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Physician-assisted dying for children is conceivable for most Dutch pediatricians, irrespective of the patient’s age or competence to decide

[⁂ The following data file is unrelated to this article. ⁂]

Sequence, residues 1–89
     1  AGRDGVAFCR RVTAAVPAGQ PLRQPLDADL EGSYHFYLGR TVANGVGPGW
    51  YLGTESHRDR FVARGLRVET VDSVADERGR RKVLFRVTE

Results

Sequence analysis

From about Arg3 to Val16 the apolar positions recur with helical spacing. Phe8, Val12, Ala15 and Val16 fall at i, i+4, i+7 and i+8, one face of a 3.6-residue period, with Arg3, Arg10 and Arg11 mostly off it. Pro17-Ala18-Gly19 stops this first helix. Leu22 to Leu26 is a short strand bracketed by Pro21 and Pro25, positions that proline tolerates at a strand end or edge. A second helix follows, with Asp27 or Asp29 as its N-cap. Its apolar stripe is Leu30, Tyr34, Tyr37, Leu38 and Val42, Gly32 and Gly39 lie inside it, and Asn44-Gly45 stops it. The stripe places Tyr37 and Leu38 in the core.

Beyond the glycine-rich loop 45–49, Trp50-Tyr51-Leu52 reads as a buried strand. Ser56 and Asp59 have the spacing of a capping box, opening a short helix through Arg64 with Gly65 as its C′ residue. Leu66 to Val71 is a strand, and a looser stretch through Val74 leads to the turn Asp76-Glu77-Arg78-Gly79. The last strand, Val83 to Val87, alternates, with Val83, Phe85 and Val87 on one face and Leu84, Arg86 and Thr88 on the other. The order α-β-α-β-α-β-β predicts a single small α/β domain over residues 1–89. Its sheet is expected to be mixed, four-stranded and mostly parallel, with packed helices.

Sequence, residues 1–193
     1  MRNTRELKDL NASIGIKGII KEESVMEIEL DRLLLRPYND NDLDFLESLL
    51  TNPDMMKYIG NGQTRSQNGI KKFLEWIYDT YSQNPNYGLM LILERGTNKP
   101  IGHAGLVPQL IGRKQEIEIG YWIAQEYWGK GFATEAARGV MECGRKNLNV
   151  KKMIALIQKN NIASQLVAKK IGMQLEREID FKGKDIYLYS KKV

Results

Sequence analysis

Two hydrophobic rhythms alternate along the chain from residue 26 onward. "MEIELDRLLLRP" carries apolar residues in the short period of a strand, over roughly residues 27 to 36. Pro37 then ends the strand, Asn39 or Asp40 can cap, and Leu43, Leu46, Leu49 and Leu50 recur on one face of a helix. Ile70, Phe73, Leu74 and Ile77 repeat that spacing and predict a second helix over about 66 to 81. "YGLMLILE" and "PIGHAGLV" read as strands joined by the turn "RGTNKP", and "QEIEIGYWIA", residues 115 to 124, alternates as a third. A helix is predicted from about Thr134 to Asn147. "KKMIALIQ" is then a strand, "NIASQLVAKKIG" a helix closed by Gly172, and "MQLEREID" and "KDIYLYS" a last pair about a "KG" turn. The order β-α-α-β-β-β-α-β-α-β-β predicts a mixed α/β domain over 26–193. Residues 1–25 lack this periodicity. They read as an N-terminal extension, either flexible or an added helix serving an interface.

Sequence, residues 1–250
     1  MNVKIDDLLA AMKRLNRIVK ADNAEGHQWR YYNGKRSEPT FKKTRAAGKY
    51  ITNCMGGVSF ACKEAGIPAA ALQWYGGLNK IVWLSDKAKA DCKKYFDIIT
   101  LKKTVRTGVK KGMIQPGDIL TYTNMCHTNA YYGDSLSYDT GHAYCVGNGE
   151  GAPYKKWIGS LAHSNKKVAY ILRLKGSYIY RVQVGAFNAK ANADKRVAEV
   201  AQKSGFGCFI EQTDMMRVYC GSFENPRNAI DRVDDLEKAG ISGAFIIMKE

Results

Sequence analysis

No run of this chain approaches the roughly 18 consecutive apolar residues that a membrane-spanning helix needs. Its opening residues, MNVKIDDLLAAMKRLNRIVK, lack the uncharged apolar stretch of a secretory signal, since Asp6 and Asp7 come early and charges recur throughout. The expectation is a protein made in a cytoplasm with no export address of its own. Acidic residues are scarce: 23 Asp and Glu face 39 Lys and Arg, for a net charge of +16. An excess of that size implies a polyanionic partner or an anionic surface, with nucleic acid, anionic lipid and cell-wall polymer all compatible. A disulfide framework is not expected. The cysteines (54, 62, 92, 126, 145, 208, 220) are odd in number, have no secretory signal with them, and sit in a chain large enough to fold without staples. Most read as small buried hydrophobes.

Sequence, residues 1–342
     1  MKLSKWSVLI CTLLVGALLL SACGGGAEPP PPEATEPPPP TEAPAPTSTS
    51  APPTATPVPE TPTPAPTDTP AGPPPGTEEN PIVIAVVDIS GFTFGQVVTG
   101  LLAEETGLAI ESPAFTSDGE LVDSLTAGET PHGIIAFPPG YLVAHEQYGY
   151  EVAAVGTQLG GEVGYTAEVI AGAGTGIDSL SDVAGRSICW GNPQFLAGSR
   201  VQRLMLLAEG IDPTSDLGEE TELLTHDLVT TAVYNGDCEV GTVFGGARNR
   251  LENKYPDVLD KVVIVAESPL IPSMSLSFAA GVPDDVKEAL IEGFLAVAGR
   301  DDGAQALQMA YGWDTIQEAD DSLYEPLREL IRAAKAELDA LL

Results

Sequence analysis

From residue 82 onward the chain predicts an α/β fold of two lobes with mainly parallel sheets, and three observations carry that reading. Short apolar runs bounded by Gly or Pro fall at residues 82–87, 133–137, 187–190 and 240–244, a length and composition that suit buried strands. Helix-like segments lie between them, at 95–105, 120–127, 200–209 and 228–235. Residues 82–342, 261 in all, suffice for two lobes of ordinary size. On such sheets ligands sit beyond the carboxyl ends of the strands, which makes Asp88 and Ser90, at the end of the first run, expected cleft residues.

Bolt et al.